July 27, 2020 / 7:49 PM / 14 days ago

Broad waits for chance to take 500th test victim

MANCHESTER, England (Reuters) - When Stuart Broad wakes up in his pitchside hotel room at Old Trafford on Tuesday, he will be hoping the rain stays away so that England get a chance to bowl at West Indies on the final day of the three-test series.

FILE PHOTO: Cricket - Third Test - England v West Indies - Emirates Old Trafford, Manchester, Britain - July 26, 2020 England's Stuart Broad celebrates taking the wicket of West Indies' John Campbell with teammates, as play resumes behind closed doors following the outbreak of the coronavirus disease (COVID-19) Martin Rickett/Pool via REUTERS

After taking eight wickets in the match so far, Broad has frustratingly been left stuck on 499 test scalps for at least 40 hours thanks to Monday’s washout.

Weather permitting, on Tuesday he will be eager to become only the seventh man, and second England bowler after James Anderson, to claim at least 500 test wickets.

Broad took the first two wickets of West Indies’ second innings in the gloom on Sunday night to leave them reeling at 10-2 as they chase an improbable target of 399.

Monday’s rain kept the players inside their biosecure bubble at the hotel, which overlooks the ground, but the weather is expected to clear enough on Tuesday to give the 34-year-old his opportunity to help England win the series.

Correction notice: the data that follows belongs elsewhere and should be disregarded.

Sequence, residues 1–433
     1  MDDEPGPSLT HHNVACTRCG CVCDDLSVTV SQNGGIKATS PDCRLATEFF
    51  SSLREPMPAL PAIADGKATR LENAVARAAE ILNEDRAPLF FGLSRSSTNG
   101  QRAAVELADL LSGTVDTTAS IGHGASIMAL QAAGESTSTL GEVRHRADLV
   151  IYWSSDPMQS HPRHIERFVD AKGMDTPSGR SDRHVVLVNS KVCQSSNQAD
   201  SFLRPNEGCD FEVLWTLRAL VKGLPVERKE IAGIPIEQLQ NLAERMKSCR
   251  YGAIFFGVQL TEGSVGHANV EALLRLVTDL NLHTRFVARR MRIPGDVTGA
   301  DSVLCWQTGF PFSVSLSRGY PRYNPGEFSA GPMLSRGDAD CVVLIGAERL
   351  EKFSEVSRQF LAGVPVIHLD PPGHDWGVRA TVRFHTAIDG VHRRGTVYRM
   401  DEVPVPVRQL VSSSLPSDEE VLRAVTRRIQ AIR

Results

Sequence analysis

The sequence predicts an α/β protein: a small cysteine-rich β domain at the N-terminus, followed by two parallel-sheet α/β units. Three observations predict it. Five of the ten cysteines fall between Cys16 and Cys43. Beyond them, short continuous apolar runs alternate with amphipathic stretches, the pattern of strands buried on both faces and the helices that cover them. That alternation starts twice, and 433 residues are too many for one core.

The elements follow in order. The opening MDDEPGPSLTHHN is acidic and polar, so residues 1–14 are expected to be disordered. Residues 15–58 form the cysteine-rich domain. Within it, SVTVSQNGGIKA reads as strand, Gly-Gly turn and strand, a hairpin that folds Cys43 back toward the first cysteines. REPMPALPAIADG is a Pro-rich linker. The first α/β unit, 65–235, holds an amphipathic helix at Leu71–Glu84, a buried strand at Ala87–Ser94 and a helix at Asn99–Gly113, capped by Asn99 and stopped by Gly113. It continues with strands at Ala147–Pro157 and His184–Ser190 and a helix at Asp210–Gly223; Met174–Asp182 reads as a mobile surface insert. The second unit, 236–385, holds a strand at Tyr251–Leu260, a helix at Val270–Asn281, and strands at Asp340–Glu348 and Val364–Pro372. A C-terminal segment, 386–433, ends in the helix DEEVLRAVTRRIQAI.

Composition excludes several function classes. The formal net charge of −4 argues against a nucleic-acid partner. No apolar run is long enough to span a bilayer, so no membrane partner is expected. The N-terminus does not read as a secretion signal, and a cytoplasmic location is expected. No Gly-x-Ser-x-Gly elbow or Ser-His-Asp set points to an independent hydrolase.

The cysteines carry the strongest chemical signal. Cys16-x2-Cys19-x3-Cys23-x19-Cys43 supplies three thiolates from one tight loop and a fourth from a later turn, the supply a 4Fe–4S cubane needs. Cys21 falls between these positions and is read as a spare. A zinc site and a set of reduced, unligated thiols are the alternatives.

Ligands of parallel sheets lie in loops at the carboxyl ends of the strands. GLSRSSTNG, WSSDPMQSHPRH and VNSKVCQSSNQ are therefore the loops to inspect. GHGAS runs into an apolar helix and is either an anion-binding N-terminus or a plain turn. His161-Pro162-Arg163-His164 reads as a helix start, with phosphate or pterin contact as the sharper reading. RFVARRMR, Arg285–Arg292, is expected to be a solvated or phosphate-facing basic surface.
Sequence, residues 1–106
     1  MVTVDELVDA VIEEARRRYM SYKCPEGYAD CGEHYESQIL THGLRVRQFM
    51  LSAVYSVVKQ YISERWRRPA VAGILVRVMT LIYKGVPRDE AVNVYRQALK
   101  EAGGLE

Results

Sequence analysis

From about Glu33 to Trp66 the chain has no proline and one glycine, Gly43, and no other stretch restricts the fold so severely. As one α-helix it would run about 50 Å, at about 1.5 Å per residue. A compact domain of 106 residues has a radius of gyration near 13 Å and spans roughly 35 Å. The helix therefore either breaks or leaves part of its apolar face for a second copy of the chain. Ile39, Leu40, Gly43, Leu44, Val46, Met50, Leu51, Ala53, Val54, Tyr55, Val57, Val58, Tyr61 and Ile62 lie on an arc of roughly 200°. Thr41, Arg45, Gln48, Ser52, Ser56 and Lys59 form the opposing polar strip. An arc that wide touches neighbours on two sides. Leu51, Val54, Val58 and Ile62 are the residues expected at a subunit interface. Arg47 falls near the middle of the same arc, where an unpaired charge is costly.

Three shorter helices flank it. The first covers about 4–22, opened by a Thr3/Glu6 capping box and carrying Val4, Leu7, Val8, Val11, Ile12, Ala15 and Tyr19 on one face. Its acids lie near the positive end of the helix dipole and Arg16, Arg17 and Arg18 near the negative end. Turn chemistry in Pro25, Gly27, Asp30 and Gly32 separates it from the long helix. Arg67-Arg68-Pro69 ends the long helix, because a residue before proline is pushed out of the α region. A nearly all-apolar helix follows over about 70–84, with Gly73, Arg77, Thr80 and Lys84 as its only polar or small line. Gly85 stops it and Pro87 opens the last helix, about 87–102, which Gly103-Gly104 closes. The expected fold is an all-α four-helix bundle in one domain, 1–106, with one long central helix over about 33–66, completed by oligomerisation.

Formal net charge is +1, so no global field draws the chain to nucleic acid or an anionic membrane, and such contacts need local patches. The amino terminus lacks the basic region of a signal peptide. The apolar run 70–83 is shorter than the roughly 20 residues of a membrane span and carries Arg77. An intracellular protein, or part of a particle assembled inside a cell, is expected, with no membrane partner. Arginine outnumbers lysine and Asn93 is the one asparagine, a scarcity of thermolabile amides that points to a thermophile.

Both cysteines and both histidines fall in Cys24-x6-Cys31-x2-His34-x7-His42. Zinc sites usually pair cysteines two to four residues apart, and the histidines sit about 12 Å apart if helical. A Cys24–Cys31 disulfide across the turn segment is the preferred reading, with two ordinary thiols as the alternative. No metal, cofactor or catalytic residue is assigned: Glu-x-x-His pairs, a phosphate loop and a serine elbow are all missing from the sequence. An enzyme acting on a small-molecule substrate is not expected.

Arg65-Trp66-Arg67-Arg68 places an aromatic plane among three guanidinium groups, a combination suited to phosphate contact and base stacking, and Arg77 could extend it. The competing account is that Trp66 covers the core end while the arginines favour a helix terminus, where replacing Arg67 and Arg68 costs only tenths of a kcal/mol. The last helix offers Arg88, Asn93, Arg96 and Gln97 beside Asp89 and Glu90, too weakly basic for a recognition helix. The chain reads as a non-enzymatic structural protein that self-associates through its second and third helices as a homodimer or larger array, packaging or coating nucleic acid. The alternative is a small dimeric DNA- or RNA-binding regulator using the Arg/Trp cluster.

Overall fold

Controversially omitted from the first test at Southampton, Broad returned to assume a leading role in the second test victory and has gone on to put England in a strong position in the final match.

It has not only been a statement to the selectors but also a reminder of his strong will to win, as England supporters know only too well from the 2015 Ashes series when he took 8-15 at Trent Bridge with Australia bowled out for 60.

The ignominy of being dropped had left him angry and frustrated.

“I don’t think I’ve got anything to prove. England know what I can do, the selectors know what I can do and when I get that opportunity again you can bet I’ll be on the money,” he said.

And so it proved, as he bludgeoned a 33-ball 50 in England’s first innings. He then took six wickets in the West Indies’ first innings to leave them 172 runs adrift of England.

Once the lead reached 399, West Indies were put into bat again with Broad stepping up once more to claim two more wickets.

If the weather plays its part on Tuesday, he will be eager to turn his torment of just a fortnight ago into real delight.

Writing by Mark Gleeson in Cape Town; Editing by Pritha Sarkar

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